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Viewing posts tagged Miscellaneous


Here is a list of my favorite posts from 2006. Yes, these are my favorites posts by me and yes, it means I'm phoning it in for the rest of the year. Thanks for reading. I intend to kick off the year with the usual thought-provoking, yet not well-thought out


Of course, it makes complete sense. From the Freakonomics blog, an interview with an "escort":

Q. Do you typically know the true identity of your clients, and if so, how?


Hot off the tubes:

Almost as freaky as his infamously disjointed "series-of-tubes" speech last year about the Internet (which briefly earned him the Most Lampooned Politician on the Web award), Stevens's reelection site asks visitors to enter a username and password and then -- as they unsuccessfully fumble for a password -- condemns them with a warning that begins:


According to a recent study, federal workers could save $55 on monthly fuel costs.

The online-based telework promoting organization figured that current fuel prices cost typical GS-7, Step 5 federal employees $138.80 a month, nearly 7 percent of their after-tax income. The organization's study, titled "Gas Fuels Telework," is based on a survey of 3,500 federal employees registered with the Telework Exchange Web site.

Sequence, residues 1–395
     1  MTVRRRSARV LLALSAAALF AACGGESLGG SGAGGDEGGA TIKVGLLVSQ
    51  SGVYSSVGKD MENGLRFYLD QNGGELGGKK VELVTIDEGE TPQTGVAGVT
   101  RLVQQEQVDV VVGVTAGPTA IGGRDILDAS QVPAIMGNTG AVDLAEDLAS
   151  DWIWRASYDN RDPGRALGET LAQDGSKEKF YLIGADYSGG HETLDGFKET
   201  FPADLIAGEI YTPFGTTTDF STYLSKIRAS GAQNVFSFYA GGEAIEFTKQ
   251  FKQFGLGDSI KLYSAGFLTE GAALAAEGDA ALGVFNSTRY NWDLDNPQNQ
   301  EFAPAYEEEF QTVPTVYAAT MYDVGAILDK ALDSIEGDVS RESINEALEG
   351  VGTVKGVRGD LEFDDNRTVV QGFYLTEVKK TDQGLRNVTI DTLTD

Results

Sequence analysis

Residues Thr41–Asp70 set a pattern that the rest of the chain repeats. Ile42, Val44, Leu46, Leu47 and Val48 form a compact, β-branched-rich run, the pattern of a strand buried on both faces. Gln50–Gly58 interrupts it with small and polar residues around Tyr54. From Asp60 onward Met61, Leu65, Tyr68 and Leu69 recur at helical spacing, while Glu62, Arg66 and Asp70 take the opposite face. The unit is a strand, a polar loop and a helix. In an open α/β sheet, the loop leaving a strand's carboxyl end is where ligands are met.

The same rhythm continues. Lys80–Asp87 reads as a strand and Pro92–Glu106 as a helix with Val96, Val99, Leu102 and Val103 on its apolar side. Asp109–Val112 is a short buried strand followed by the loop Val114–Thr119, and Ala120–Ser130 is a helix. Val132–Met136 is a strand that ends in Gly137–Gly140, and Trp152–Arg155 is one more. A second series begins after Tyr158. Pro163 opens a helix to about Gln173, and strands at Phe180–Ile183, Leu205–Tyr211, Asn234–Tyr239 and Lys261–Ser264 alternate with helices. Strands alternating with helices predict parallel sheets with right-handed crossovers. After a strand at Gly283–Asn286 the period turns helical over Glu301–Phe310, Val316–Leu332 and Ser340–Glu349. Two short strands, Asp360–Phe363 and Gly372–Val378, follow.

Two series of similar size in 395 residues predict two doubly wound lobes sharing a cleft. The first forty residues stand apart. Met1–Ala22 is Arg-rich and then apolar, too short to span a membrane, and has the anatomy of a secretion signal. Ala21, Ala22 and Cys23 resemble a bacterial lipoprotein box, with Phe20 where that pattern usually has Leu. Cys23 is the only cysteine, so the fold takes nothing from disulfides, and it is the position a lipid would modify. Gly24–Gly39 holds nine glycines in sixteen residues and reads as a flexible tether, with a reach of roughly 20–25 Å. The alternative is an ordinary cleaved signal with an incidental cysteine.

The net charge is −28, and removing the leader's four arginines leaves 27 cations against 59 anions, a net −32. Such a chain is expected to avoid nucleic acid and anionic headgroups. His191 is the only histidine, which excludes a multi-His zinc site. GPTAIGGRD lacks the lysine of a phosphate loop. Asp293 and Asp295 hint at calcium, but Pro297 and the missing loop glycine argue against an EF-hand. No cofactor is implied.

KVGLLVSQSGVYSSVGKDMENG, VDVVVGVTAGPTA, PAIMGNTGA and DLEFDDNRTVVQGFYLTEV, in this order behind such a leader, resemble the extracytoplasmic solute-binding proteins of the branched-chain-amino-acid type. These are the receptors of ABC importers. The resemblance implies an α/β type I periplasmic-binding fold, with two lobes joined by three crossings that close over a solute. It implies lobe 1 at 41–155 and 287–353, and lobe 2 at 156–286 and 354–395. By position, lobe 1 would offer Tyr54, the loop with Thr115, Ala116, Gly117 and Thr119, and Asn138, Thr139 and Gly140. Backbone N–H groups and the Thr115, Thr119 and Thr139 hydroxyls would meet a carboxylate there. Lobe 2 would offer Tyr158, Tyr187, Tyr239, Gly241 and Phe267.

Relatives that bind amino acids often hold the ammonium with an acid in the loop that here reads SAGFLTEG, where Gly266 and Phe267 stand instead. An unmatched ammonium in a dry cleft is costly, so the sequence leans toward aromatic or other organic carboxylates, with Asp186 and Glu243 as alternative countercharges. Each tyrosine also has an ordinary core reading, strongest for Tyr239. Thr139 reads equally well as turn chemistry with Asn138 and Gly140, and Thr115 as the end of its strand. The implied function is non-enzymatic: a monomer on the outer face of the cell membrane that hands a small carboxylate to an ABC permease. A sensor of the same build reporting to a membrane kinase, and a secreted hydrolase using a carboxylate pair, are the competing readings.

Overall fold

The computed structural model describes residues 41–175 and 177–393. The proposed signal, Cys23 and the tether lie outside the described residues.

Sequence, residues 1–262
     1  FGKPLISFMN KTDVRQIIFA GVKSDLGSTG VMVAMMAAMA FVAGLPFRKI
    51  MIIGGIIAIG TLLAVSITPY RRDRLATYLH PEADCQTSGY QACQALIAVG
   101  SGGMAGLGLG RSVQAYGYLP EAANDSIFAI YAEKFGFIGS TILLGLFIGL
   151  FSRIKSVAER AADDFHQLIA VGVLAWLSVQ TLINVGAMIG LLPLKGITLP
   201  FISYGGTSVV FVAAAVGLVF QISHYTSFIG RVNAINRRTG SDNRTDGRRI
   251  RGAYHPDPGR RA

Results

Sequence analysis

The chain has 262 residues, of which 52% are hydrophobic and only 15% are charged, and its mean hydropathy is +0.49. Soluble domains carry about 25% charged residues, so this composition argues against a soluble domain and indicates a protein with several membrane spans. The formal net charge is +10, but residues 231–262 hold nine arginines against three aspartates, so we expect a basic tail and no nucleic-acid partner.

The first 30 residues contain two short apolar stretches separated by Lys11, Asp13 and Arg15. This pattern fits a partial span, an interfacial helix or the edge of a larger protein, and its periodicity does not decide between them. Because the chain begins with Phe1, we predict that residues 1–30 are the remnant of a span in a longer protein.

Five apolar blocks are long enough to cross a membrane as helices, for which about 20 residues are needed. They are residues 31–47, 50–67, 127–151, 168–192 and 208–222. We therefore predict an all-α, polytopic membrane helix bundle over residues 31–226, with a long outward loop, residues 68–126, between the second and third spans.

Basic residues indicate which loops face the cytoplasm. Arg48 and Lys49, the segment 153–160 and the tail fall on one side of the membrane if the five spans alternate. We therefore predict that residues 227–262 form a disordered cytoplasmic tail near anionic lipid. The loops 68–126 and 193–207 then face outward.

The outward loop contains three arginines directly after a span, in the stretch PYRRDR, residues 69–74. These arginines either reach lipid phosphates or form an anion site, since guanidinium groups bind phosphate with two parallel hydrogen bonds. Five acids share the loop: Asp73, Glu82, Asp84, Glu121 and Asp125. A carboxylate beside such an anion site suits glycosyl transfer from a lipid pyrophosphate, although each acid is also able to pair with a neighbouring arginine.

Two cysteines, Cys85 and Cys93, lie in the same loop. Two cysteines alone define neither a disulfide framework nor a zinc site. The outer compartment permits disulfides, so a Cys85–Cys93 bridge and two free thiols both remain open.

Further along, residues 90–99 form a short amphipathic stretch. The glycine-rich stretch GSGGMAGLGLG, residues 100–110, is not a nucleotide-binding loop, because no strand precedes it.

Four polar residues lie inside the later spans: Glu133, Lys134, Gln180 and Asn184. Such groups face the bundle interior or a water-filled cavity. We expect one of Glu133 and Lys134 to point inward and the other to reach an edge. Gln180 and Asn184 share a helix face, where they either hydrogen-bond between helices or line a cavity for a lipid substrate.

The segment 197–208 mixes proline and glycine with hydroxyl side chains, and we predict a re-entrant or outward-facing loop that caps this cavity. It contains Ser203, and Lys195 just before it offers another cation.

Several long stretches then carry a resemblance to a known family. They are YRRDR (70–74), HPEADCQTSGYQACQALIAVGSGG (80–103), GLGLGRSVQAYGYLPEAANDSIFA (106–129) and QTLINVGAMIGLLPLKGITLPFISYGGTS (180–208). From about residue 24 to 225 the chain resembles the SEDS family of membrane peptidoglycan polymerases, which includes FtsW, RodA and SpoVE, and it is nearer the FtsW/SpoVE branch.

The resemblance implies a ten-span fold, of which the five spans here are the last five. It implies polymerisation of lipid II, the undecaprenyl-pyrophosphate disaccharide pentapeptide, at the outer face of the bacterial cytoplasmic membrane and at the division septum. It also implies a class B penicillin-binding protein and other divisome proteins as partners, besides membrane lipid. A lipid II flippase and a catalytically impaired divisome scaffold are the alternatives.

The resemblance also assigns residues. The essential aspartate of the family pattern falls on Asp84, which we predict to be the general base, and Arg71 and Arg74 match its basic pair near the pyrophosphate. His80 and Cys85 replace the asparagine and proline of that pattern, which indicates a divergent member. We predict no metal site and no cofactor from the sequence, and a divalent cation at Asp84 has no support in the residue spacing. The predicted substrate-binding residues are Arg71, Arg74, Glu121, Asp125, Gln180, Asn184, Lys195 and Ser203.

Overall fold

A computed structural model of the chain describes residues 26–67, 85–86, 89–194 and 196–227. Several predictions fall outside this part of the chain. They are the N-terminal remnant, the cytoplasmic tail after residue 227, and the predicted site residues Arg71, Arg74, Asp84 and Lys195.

If you've been in DC area traffic, then you know that anything that gets cars off the roads is a good thing.


Once again, the people in charge of selling soap have come out with a study "proving" that men need to wash their hands more frequently. In Atlanta, they chose the men's room at Turner Field to gather their "data". This location is an excellent choice to validate the predetermined outcome of their "study". The men's room sink counters at Turner Field are cesspools of what is hopefully water that's been sitting there since the Braves' last pennant win. In these washrooms, I go by the Straight Dope's summation of the study by Charles Gerba:

As Professor Gerba's research would later determine, however, the bathroom was hardly the most dangerous part of the house, microbe-wise. The real pesthole: the kitchen sponge or dishcloth, where fecal coliform bacteria from raw meat and such could fester in a damp, nurturing (for a germ) environment. Next came the kitchen sink, the bathroom sink, and the kitchen faucet handle. The toilet seat was the least contaminated of 15 household locales studied. "If an alien came from space and studied the bacterial counts," the professor says, "he probably would conclude he should wash his hands in your toilet and crap in your sink."
I have taught my son not to wash his hands there, not that we go anymore -and that's not because it's too expensive or that they are losing, rather it is the constant barrage of incredibly loud commercials, the horrible music and the fear that some creep is watching me in the bathroom, with a clipboard.

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